Mitch McConnell reportedly warned Trump that of the people he was considering, Kavanaugh would face the hardest time getting confirmed. I don’t think McConnell had anything like this in mind. But Trump picked Kavanaugh because he liked him.

The White House has already signaled through their press minions and Fox News that they will release the banshees, including as many blonde white women on their payroll that they can get in front of a camera, that Prof. Ford is a lying schemer who was plotting ever since high school to get even with Kavanaugh because she knew back then that he would be appointed by Trump and this is payback time.  (Just like Barack Obama’s mother planned to have him become president and faked the birth certificate.)

There will be a public hearing in front of the Senate Judiciary Committee next Monday where both Judge Kavanaugh and Prof. Ford will testify.  Stock up on Jiffy-Pop.

Monday, September 17, 2018

If History Is Any Guide

The fact that Brett Kavanaugh’s accuser of sexual assault has come forward and is willing to testify is good in that it removes the shadow of anonymity behind which his supporters can hide and dismiss the claim.  But if history — in the name of Anita Hill — is any guide, it is she who will be vilified and Judge Kavanaugh portrayed as the victim, and the Republicans will still vote to confirm him to the Supreme Court.

It’s not just the intervening years since Anita Hill testified that Clarence Thomas displayed himself as a sexual predator or the emergence of the #MeToo movement have elevated the consciousness of sexual assault and the pervasive ways in which the perpetrators try to convince us that it’s all a witch hunt.  They haven’t, even though the number of people who have been brought to justice — or at least been identified and faced the consequences — has risen dramatically in the last few years.  It’s only been happening among those who have a conscience, and oddly enough, the people who preached the loudest about “character counts” and worried endlessly about what to tell the children, are the ones who rise to the defense of the accused and find creative ways of dismissing the charges.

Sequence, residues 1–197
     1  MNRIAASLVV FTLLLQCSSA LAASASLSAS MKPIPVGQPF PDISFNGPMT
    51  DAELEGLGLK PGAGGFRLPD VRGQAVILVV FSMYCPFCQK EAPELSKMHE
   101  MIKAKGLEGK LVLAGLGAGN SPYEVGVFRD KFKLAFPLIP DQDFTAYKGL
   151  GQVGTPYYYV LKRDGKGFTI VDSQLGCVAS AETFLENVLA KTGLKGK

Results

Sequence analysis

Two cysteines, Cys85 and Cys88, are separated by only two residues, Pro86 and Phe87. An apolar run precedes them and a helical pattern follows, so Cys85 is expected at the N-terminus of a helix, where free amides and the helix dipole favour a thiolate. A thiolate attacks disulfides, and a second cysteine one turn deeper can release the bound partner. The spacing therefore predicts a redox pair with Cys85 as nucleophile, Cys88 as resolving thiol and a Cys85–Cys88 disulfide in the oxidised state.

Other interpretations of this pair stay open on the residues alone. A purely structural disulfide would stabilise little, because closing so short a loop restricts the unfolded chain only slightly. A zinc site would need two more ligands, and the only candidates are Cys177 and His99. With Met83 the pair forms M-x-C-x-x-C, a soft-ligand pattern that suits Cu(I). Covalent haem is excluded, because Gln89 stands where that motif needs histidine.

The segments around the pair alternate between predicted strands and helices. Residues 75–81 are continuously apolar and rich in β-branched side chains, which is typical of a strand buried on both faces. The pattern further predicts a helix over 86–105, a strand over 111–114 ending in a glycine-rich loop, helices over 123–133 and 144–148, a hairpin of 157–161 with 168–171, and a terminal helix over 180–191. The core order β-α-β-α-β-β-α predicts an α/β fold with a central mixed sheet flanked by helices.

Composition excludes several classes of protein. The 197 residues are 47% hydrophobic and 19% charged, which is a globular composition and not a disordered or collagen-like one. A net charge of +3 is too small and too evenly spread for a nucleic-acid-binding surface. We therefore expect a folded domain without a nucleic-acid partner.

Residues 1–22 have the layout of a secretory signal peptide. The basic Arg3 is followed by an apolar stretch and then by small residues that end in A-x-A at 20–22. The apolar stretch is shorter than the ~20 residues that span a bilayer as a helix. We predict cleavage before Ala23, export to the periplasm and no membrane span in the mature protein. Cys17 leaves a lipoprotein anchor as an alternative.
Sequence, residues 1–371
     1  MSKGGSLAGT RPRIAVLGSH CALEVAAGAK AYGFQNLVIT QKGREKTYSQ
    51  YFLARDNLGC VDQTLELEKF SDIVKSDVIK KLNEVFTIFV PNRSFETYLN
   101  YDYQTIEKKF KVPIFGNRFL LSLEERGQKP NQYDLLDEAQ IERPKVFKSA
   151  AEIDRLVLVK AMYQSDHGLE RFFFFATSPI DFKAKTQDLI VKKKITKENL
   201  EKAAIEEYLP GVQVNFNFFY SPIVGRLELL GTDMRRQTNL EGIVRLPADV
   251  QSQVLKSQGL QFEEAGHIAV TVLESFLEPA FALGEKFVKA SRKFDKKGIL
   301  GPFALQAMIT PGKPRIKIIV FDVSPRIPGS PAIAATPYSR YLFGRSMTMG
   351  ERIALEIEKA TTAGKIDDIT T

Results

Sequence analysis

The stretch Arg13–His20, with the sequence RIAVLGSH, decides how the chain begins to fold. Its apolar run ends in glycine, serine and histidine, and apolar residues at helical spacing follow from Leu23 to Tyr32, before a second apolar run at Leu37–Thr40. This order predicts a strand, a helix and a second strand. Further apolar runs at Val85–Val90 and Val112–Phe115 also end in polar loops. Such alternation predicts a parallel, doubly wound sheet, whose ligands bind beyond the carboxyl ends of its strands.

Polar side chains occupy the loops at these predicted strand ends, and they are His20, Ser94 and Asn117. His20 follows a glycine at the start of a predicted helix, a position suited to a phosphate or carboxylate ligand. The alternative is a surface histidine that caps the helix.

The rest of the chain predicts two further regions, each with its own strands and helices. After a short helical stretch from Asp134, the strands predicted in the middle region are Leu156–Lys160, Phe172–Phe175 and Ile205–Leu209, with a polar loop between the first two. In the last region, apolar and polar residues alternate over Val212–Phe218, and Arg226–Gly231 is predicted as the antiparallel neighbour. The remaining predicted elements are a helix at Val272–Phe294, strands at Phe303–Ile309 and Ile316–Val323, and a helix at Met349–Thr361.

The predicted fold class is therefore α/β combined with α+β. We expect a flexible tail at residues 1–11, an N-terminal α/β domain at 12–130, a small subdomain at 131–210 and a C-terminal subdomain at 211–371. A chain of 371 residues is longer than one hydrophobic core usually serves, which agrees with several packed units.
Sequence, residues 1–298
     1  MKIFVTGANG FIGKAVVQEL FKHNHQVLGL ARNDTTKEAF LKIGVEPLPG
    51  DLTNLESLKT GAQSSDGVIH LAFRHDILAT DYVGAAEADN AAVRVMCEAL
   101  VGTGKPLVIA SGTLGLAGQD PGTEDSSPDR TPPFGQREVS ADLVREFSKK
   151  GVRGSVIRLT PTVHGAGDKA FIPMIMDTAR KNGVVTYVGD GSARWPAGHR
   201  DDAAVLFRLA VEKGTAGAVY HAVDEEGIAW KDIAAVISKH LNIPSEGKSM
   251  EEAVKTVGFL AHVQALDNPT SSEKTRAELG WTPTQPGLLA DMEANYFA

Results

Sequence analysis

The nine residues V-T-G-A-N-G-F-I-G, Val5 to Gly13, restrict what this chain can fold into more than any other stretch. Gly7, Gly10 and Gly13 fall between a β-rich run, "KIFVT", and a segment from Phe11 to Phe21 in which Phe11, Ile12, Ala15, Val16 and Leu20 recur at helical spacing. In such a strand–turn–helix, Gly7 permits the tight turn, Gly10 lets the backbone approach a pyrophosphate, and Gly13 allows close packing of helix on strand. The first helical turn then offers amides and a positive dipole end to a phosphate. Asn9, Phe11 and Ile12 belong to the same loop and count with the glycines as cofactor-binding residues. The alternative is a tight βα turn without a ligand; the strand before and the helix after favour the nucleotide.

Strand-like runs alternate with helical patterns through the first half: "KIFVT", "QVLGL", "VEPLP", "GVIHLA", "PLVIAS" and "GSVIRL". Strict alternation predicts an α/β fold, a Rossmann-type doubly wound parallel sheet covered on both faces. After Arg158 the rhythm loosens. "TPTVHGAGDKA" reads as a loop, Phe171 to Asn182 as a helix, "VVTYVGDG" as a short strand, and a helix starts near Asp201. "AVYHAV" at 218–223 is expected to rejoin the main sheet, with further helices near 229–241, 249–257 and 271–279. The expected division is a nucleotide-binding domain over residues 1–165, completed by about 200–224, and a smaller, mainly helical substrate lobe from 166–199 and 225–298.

The vote may be delayed.  Christine Blasey Ford may give testimony on live TV, reenacting the Clarence Thomas hearings of 1991.  But in the end — and especially with their party led by someone who was able to be elected while bragging about committing sexual assault — they will find a way to confirm Judge Kavanaugh to the court.  Then he and Justice Thomas can share a Coke and a smile.

Sunday, September 16, 2018

Sunday Reading

It’s my birthday, so let’s lighten things up a little.

Are They Back? — Charles P. Pierce reports on strange goings-on out in New Mexico.

OK, this is pretty weird. From The Alamogordo Daily News:

The Sunspot Observatory is temporarily closed due to a security issue at the facility that’s located 17 miles south of Cloudcroft in the Sacramento Mountains Friday, an Association of Universities for Research in Astronomy (AURA) spokeswoman Shari Lifson said.“The Association of Universities for Research in Astronomy who manages the facility is addressing a security issue at this time,” Lifson said. “We have decided to vacate the facility at this time as precautionary measure. It was our decision to evacuate the facility.”

(Aside: how great is it that there are places in New Mexico called Sunspot and Cloudcroft? Rivendell must have been booked.)